Former Miami basketball coach Charlie Coles only got a brief look at Quinten Rollins on the football field. He saw enough, however, to once remark that Rollins might be an even better football player than a basketball player.
Rollins, Miami and MAC fans are now getting a chance to compare the two roles following Rollins’ decision earlier this year to pursue football with a final eligibility opportunity.
With just one season at his disposal, some might have viewed Rollins’ move as merely an attempt to spend a little time on the football side. He, of course, had no crystal ball to show what might transpire. What he did have was a highly competitive nature and interest in football – even after four years of basketball.
Coles managed to land Rollins, who earned prep state honors in basketball after a standout career at Wilmington (Ohio) High School. Once at Miami, he quickly made his mark on the hoops scene. Rollins was the first freshman to start in a Miami season opener since 2003-2004. At season’s end, he was tabbed with Miami Defensive Player of the Year honors.
Although the 6-0 point guard made numerous contributions over his four years on the hardwood, Rollins earned particular praise for his work as a defender. During his senior season, he ranked 14th nationally and led the MAC in steals (2.4 spg).
Just a few months later, Rollins is again among MAC leaders in steals – of a different type. Through four games, he has four interceptions. The first came in Game Two against Eastern Kentucky. He grabbed another and earned MAC East Player of the Week honors following his work against Michigan – not bad for somebody in his first year of collegiate football.
The win once again eluded Miami at Cincinnati Saturday, but Rollins continued to demonstrate improvement. He registered two interceptions against the rival Bearcats and almost pulled off a third pick.
Although Rollins earned prep football all-conference honors three times and was 2009 FAVC Co-Athlete of the Year in football, nearly all of his grid experience came on the offensive side of the ball.
“I was mainly a running back and receiver and then (I) played a little robber on defense on third downs – run around and read the quarterback and make plays,” Rollins said.
After finishing his Miami basketball career, Rollins decided to check out what options he might have on the gridiron – albeit for just one season. “There wasn’t much depth at the DB position, and I (was) willing to play where ever,” he said. It was “filling a void that needed to be filled and going from there.”
One of the first things Rollins had to do was the same thing other football players were doing – get bigger, stronger, faster – a high priority with new head coach Chuck Martin and his staff.
“It was definitely one of the hardest strengthening and conditioning programs (that) I have been a part of since I’ve been here, but it definitely was for the better,” said Rollins, who added about 20 pounds and now lines up at about 203 pounds.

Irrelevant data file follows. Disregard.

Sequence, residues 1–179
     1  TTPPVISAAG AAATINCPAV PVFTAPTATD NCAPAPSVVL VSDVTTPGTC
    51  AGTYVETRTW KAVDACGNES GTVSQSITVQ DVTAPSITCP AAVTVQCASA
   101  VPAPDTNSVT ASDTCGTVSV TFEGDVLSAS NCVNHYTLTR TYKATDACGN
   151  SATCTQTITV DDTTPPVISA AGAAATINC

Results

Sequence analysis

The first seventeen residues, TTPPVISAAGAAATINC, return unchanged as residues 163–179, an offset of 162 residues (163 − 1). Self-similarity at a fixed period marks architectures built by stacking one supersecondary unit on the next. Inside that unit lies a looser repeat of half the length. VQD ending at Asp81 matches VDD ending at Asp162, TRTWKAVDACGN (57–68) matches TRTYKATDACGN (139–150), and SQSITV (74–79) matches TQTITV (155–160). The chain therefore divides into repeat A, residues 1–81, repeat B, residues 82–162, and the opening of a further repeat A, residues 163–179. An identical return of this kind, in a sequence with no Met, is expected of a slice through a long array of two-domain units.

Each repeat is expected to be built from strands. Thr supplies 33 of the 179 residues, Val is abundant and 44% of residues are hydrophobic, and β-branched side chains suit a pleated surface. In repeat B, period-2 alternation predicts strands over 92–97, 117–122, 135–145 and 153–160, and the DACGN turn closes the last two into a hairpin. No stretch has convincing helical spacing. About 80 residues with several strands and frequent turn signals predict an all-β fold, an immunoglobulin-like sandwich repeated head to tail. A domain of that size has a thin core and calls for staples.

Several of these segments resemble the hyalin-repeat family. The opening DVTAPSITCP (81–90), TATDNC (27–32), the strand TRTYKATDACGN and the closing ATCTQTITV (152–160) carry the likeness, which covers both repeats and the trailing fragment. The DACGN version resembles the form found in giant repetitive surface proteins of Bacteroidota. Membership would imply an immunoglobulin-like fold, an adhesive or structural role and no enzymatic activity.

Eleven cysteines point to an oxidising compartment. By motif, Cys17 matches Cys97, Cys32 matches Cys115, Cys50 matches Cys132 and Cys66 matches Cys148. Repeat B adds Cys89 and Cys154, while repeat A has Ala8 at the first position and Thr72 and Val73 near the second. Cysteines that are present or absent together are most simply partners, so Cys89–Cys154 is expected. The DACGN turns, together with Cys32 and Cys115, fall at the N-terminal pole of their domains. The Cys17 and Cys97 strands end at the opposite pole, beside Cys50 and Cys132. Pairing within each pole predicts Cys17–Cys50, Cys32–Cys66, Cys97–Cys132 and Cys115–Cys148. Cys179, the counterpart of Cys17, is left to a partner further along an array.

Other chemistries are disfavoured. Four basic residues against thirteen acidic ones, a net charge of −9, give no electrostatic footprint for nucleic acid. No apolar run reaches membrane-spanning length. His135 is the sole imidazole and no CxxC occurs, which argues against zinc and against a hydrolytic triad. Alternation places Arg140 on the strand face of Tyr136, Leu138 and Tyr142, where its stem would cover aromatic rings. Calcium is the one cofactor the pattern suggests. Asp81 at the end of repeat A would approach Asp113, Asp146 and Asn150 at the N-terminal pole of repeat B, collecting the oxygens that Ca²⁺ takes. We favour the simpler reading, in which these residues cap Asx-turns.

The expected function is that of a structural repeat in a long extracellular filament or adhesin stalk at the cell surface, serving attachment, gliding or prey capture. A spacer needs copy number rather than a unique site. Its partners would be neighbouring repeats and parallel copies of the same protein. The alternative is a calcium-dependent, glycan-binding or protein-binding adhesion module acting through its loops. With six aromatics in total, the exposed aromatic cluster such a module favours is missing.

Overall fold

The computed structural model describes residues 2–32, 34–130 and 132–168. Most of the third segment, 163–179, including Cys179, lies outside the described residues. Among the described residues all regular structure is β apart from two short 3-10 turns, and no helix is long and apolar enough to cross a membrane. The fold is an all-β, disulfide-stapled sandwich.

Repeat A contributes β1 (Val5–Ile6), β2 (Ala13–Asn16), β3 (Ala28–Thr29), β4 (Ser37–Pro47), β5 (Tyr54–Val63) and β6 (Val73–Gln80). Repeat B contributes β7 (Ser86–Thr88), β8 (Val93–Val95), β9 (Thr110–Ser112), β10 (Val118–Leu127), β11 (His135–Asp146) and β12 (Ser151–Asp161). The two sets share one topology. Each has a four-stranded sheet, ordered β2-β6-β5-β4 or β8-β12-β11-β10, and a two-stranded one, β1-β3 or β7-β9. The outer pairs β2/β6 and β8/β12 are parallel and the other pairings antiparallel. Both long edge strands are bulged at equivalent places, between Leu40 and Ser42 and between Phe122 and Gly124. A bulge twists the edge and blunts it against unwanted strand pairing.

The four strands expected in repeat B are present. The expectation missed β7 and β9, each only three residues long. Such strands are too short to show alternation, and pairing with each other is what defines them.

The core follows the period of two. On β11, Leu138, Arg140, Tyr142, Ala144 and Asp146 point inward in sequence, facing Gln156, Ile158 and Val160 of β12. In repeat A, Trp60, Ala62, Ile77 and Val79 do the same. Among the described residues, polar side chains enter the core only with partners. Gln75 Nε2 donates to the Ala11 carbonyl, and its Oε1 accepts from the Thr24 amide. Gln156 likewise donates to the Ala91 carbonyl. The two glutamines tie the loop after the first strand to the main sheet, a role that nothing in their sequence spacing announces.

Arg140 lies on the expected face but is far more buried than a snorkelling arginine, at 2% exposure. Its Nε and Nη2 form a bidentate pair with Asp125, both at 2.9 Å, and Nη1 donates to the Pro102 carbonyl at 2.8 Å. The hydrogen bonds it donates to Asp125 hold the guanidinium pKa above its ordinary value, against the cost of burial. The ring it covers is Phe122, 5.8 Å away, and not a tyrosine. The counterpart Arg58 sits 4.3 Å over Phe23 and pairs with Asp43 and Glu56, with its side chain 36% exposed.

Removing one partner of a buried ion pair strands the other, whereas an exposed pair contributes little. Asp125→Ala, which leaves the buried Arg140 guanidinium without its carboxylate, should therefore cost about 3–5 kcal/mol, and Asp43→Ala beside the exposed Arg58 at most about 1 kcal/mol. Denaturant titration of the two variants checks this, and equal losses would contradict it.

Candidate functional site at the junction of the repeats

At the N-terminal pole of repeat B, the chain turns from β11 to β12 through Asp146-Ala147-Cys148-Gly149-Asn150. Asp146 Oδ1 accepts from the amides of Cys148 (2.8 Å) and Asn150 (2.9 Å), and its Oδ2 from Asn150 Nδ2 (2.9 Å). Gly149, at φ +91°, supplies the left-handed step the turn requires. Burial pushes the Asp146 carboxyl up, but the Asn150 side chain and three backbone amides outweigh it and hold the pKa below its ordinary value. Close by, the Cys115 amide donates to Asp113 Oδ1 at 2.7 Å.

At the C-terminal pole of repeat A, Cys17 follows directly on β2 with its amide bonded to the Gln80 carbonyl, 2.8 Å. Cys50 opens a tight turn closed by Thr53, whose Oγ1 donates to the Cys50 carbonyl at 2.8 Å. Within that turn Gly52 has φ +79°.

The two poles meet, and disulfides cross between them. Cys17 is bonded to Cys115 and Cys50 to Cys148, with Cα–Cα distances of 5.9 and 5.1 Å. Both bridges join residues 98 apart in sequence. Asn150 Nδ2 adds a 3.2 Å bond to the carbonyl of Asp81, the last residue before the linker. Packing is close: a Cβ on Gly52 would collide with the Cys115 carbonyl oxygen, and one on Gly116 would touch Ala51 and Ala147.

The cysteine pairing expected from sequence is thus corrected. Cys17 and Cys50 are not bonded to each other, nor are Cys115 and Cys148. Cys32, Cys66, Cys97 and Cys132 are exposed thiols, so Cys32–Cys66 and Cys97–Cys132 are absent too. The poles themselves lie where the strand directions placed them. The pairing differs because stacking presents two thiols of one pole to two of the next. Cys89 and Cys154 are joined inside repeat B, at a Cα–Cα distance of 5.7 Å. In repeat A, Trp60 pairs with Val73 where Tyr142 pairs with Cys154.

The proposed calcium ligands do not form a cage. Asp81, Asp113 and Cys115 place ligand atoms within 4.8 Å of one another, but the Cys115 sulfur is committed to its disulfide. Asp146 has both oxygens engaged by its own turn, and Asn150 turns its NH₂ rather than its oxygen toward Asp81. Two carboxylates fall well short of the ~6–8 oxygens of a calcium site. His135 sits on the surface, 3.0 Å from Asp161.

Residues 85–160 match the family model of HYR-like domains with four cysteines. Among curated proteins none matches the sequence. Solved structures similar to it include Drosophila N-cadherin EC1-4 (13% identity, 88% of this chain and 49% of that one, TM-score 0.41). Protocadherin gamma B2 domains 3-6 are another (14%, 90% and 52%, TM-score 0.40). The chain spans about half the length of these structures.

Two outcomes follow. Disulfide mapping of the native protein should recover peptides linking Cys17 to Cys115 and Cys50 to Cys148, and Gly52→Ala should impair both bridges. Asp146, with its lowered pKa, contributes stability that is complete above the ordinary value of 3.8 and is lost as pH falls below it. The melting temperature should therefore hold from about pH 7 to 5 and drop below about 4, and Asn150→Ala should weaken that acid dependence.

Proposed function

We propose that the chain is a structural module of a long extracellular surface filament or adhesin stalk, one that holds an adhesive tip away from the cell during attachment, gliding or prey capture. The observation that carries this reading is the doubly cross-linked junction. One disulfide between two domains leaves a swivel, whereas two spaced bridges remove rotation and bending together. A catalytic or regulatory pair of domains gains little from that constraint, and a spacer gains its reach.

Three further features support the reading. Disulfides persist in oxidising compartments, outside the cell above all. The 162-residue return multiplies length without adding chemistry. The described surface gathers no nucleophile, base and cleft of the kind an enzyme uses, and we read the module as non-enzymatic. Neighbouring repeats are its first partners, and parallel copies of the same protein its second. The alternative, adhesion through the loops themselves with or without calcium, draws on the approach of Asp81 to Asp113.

Spring ball gave Rollins a chance to get out on the field and to practice his new craft. Asked what has been the hardest adjustment, he identified learning technique – especially given his basketball background.
“A lot of times, being in basketball and playing it for so long, you want to open up and see the floor. In football, you don’t really want to open up and scan the field, especially off man coverage,” he said. “My technique is getting better. … (It’s) just the little things technique-wise -- getting out of my breaks better, staying in my stance- my peddle.”
With just a few months to reinvent his game and one season to use, Rollins had to condense his progress. He continued to work and continued improve. By fall camp, he was in the mix. By the Week One two-deep, he was listed as a starter.
Rollins’ competitive nature has served him well. To some degree, so has his time in college basketball. As with any defensive back – especially a first-year DB – mistakes are sometimes made or the offensive player wins on a particular play.
“Being a point guard definitely helps (with) that. Being a point guard, you’ve got the ball in your hands a lot – making a lot of decisions and controlling the offense. You’ve got to have a ‘next play’ mentality. That’s the same thing out here. … You’re not going to stop everything. There’s going to be times you get beat. You just got to have a ‘next play’ mentality.”
His hoops experience has also served him in another way. Playing in front of over 100,000 cheering fans at Michigan Stadium might be intimidating to some, but Rollins’ own experience kept him focused.
The noise “is definitely more noticeable in a basketball gym, because the crowd is more or top of you and it’s more compact,” he said.
“You definitely could tell there was 102,000 there, but at the same time, once you are in the moment of the game, you really don’t pay attention to the crowd as much as you think you would. You’re in the middle of competing, and it was 17-10 going into almost the fourth quarter. You’re just locked in at that point. You’re really not focused on anything except what is in between the lines.”
Keeping his focus – along with accompanying hard work -- has served Rollins well. He’s hoping those same elements can soon pay off at the team level.
“We need a win,” he said. “I feel like we beat ourselves each and every week, (thus far). This week is another opportunity. I want to move forward and (correct) all the mistakes that we made … (so we can) get the win on Saturday.”
The RedHawks, attempting to break an FBS-high 20-game win streak, travel to Buffalo (2-2) this week. That means getting tested by UB junior quarterback Joe Licata. He leads the MAC in passing yards (290.0 per game) and completion percentage (66.7%).
If you’re a Miami defensive back, you can expect to be challenged Saturday. That should be okay with Rollins. If he didn’t like challenges, he wouldn’t be wearing a helmet this fall.